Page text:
As the UTSA makes clear, a trade secret will not be protected unless efforts are made to maintain its confidentiality. Accordingly, you should engage in the following practices to establish your business’s intent to protect its confidential information:
- Only allow computer access to critical information only on a need-to-know basis;
- Have employees sign confidentiality agreements;
- Label critical documents as confidential;
- Require a separate log-on for confidential website pages. Also include language stating that by logging on, employees agree to keep the information confidential.
Defend Trade Secrets Act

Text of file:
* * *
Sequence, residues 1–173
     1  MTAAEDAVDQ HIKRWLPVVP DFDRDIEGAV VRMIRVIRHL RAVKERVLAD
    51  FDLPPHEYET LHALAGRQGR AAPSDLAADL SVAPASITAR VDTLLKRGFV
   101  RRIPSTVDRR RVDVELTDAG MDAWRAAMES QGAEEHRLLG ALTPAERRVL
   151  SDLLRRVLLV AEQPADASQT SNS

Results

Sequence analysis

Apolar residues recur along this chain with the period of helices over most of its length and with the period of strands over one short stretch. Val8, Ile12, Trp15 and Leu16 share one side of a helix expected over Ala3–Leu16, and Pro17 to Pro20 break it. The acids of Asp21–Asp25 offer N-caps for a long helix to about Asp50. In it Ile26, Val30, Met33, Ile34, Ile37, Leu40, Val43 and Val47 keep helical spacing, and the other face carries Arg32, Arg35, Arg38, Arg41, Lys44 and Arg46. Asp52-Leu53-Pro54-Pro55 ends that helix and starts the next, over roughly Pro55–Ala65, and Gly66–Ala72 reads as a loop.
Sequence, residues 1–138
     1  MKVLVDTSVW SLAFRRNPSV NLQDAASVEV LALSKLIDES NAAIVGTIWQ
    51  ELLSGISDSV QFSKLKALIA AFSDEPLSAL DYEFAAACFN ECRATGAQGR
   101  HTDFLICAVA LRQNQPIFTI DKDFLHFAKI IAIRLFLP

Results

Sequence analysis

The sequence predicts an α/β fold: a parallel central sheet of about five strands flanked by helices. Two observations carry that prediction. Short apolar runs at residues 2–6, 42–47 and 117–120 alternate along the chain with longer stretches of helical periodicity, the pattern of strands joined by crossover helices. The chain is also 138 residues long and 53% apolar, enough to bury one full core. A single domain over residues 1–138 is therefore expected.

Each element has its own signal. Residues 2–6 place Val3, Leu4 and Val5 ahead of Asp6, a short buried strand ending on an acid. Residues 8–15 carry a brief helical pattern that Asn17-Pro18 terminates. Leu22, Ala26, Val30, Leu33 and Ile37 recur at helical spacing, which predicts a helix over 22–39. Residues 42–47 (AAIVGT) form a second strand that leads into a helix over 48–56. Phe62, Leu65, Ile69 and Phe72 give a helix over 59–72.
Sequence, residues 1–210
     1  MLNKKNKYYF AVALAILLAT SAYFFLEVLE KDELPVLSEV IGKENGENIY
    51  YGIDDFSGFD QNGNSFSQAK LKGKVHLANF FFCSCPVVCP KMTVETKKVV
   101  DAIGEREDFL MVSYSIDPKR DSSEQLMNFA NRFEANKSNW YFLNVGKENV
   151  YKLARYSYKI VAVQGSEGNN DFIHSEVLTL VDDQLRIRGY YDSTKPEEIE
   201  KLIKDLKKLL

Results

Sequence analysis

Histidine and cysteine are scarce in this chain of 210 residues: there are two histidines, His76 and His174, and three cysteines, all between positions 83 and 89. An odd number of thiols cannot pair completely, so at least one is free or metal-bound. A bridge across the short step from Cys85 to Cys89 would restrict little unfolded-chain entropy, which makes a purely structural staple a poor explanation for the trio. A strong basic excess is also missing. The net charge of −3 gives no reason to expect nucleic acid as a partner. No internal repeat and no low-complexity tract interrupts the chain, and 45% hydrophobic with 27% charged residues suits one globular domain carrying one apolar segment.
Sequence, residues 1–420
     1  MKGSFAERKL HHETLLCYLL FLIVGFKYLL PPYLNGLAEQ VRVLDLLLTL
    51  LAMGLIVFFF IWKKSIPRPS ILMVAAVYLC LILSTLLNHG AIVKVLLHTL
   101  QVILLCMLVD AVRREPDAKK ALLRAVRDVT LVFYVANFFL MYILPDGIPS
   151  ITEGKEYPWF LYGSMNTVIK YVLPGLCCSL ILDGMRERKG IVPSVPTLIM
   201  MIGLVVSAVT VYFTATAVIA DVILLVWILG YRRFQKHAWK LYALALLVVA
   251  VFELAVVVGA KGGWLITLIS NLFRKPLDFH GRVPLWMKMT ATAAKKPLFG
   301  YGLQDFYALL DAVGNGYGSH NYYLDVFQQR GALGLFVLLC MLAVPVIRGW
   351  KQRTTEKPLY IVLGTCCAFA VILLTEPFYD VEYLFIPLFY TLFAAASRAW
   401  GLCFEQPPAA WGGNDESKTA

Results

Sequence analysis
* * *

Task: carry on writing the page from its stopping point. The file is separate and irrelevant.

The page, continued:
On May 11, 2016, the Defend Trade Secrets Act (DTSA) went into effect. This legislation creates a federal, private cause of action for trade-secret misappropriation if the trade secret is related to a product or service used in, or intended for use in, interstate or foreign commerce. Defend Trade Secrets Act of 2016, S. 1890, 114th Cong. § 2 (2016). Businesses should be aware of this important new law. Before the enactment of the DTSA, in the absence of diversity jurisdiction or an independent federal cause of action, businesses had to rely on suing in state court for trade secrets misappropriation. There is now a uniform statute to be applied nationwide, at least in federal court. The DTSA will not preempt existing state laws, but it gives businesses another option to protect their invaluable confidential information.